While noting that 53 percent of the carrier’s smartphone activations were iPhones in 2012, Shammo was asked about the opportunity to incentivize employees to sell non-Apple devices that would also come with lower subsidies for Verizon:
The answer is, no, we don’t and it is critical that we don’t do that. The reason for that is because what is more important for us is when a customer walks into a store that customer walks out with a phone that they will be happy with and not return under our 30-day guarantee. Because the worst thing that can happen for us is for me to incentivise a salesperson to get you into a phone that you walk out the door with thinking you are going to like and in three days you come back because you don’t like it. Therefore, now I’ve just subsidized two smartphones because that phone you used I can’t resell as a new phone.
You can read more from Shammo’s presentation and where he discusses the growth of Share Everything plans, tablets, and more here.
Verizon has reported its Q3 2012 earnings this morning with “a third consecutive quarter of double-digit percentage growth.” The nation’s second-largest carrier claims it experienced $29 billion in total operating revenue (3.9-percent gain over last year) and sold 6.8 million smartphones in total for the third quarter. Of the 6.8 million, Verizon reported selling 3.1 million iPhones. Just over one-fifth (or roughly 651,000) of those were the iPhone 5 that saw supply constraints. To compare, during Q2, Verizon sold 2.7 million iPhones.
The carrier also shed more light on its aggressive LTE rollout across the country. Its LTE service is now available to 250 million people in 419 markets across the United States. Furthermore, on the company’s earnings call, CFO Fran Shammo reiterated that its new Share Everything data plan has been “successful and well-received.”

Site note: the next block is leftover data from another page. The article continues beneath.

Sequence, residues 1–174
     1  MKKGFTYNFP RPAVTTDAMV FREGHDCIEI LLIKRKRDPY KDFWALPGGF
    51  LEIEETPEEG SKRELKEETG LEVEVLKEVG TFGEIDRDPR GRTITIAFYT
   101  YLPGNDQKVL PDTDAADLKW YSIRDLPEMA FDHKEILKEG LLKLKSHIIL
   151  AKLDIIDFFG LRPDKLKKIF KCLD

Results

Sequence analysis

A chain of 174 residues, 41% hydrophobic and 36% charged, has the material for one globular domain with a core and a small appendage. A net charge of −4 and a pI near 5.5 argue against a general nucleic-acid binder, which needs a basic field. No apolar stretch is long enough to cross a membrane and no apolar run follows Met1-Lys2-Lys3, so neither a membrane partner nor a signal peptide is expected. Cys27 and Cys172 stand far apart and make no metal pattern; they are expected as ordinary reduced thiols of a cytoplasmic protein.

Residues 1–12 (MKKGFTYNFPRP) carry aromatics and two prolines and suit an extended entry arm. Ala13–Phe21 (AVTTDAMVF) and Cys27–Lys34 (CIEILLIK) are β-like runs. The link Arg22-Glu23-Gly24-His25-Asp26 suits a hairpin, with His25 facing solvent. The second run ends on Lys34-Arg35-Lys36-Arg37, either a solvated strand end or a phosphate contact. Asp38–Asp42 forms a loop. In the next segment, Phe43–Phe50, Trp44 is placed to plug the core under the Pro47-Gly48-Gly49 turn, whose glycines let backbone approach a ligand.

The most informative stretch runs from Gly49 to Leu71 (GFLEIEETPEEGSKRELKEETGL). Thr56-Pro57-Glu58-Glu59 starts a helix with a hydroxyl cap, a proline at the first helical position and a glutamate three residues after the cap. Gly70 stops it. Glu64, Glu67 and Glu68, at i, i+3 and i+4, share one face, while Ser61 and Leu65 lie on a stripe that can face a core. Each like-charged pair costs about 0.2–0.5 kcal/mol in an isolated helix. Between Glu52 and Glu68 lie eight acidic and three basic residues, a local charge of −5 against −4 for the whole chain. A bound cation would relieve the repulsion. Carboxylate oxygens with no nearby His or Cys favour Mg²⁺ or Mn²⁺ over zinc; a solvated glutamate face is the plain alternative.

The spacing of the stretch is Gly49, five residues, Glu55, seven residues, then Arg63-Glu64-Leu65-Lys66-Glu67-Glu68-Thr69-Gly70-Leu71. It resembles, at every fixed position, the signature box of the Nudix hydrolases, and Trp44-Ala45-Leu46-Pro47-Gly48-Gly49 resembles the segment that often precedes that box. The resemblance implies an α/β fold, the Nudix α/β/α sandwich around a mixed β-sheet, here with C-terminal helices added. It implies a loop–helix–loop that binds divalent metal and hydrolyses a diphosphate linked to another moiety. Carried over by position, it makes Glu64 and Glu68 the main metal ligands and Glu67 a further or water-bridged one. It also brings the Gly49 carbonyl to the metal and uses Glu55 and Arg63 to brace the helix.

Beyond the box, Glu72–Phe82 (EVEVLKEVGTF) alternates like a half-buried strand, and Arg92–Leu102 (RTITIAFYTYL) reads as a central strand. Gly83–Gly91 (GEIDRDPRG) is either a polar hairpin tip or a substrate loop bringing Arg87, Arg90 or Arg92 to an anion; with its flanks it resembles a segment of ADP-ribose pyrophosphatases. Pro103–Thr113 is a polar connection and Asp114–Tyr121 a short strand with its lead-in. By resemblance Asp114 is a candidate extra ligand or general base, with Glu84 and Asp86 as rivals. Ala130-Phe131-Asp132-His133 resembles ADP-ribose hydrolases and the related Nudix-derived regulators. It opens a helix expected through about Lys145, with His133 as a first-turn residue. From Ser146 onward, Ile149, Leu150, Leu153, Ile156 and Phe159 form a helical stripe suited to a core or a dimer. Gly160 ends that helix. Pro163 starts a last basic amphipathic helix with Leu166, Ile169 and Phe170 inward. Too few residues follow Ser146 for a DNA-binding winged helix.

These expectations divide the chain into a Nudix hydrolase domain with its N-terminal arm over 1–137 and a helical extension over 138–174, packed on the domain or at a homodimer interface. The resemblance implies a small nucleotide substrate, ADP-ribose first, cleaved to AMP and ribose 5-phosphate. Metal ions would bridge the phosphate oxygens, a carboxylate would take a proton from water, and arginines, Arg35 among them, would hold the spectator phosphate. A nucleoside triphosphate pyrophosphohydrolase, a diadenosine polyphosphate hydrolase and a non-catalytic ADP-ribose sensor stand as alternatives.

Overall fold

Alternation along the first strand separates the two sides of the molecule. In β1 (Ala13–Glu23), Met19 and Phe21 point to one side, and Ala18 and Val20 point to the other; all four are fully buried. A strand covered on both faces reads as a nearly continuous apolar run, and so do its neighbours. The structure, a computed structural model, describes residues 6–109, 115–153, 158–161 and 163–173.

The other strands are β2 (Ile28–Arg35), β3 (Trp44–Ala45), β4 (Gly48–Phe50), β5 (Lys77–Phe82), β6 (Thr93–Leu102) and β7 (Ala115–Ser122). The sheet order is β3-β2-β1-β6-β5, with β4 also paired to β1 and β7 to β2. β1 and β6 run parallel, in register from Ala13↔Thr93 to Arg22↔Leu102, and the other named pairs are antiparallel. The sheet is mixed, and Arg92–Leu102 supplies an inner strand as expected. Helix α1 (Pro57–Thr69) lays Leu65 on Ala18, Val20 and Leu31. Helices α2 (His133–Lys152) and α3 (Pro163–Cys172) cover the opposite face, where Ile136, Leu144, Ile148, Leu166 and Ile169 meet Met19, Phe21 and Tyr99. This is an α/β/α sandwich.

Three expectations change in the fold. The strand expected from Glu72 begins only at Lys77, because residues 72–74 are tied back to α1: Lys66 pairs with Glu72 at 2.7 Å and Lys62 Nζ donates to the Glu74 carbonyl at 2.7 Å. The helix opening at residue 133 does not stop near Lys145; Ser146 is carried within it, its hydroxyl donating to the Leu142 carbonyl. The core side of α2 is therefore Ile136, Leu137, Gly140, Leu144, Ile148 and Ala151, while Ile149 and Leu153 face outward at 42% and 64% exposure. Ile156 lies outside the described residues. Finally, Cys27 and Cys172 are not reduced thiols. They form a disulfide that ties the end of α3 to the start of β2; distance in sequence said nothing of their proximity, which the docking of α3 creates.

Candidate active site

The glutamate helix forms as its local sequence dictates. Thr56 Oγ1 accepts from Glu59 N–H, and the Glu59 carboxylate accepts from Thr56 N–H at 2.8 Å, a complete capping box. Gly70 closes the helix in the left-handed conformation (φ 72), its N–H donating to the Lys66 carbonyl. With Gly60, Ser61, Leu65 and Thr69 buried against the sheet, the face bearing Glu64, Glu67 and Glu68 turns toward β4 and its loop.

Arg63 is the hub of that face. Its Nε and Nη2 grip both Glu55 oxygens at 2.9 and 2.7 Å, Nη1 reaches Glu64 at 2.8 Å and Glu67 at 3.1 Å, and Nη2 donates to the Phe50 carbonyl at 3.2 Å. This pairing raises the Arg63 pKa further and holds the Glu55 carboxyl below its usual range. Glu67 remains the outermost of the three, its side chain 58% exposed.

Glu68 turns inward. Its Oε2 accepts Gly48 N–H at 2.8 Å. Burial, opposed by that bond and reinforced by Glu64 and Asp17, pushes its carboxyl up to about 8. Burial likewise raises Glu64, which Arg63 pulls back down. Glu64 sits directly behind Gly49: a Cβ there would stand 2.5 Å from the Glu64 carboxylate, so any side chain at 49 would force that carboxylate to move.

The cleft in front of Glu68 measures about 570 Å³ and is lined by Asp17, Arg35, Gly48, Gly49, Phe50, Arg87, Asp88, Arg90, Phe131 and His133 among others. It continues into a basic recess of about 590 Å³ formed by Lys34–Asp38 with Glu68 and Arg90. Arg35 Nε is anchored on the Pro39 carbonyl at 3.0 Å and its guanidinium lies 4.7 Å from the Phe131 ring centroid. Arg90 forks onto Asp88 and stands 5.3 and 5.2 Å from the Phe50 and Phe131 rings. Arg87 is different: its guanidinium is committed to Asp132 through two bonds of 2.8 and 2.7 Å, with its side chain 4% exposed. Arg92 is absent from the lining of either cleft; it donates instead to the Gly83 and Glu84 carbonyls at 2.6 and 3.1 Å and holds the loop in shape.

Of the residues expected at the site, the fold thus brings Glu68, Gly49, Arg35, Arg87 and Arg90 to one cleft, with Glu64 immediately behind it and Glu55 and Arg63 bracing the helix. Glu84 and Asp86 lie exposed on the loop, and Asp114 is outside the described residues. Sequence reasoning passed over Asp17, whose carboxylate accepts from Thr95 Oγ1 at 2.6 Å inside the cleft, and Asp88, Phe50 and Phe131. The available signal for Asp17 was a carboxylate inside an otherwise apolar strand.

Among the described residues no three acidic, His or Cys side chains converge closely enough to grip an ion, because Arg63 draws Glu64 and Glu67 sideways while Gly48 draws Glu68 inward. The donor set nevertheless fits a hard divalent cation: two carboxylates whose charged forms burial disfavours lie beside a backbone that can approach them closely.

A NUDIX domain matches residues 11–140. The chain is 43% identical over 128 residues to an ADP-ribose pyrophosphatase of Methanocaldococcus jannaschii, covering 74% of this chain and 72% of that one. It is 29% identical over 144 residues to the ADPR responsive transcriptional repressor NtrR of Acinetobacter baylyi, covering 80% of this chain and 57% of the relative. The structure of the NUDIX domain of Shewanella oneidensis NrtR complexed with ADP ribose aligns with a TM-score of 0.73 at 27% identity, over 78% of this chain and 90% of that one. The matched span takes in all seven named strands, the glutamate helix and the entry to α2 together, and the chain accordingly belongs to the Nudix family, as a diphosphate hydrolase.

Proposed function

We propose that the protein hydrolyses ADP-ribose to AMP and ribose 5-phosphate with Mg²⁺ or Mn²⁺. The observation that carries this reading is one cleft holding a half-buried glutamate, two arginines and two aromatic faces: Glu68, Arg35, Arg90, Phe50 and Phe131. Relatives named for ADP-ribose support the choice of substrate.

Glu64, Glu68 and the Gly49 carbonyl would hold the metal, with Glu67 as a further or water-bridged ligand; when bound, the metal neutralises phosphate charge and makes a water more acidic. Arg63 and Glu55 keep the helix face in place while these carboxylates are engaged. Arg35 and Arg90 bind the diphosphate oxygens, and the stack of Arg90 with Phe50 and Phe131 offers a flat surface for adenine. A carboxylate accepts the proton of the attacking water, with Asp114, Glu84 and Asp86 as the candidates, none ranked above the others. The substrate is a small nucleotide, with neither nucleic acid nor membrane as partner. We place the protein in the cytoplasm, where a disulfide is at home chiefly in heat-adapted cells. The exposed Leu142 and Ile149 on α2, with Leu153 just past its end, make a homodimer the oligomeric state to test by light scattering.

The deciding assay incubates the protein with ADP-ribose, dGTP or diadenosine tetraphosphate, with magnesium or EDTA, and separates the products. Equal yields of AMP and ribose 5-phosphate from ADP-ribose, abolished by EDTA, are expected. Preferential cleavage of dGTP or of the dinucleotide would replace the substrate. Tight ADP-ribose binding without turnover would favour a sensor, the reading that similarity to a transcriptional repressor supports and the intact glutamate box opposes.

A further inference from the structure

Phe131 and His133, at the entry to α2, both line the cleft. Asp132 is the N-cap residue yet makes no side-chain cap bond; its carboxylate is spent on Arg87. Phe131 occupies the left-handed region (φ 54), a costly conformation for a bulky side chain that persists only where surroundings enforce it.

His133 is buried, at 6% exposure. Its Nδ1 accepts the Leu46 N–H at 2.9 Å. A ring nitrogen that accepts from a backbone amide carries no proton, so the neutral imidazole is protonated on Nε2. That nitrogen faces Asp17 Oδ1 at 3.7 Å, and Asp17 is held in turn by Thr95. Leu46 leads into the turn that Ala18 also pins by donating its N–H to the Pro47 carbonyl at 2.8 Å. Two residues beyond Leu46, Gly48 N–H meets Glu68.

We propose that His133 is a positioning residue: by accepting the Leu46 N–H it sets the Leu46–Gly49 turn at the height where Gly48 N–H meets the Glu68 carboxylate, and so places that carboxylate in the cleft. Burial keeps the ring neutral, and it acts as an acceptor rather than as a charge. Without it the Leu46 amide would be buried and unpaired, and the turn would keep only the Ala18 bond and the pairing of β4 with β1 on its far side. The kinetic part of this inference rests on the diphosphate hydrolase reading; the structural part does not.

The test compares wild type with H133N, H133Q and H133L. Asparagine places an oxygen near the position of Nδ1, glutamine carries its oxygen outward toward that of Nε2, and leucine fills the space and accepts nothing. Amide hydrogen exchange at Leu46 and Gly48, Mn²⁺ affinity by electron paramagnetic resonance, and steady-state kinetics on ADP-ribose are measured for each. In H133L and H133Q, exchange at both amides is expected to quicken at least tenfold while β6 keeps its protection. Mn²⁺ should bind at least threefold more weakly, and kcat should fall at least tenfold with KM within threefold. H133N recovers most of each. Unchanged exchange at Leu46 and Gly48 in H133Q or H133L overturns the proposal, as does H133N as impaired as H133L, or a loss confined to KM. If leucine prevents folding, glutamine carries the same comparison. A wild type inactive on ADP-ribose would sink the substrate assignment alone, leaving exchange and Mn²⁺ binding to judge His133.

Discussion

You can find the press release below for specifics: Read more
J.D. Power and Associates is out with the second half of its 2012 “U.S. Wireless Network Quality Performance Study”, and Verizon once again come out on top for network performance in five of the six regions included in the report. Only second to U.S. Cellular in the North Central region, Verizon posted the best overall network performance among the other carriers in the remaining regions based on 10 key problem areas that could impact the customer experience.
For a 16th consecutive reporting period, Verizon Wireless ranks highest in the Northeast region. Verizon Wireless achieves fewer customer-reported problems with dropped calls, initial connections, transmission failures and late text messages, compared with the regional average. Verizon Wireless also ranks highest in the Mid-Atlantic, Southeast, Southwest and West regions… U.S. Cellular ranks highest in the North Central region for a 14th consecutive reporting period. Compared with the regional average, U.S. Cellular has fewer customer-reported problems with dropped calls, failed initial connections, audio problems, failed voice mails and lost calls.
The study also covered the customer experience specifically for data-related problems. Not surprisingly, LTE device users experienced significantly less issues than older 3G devices like the iPhone: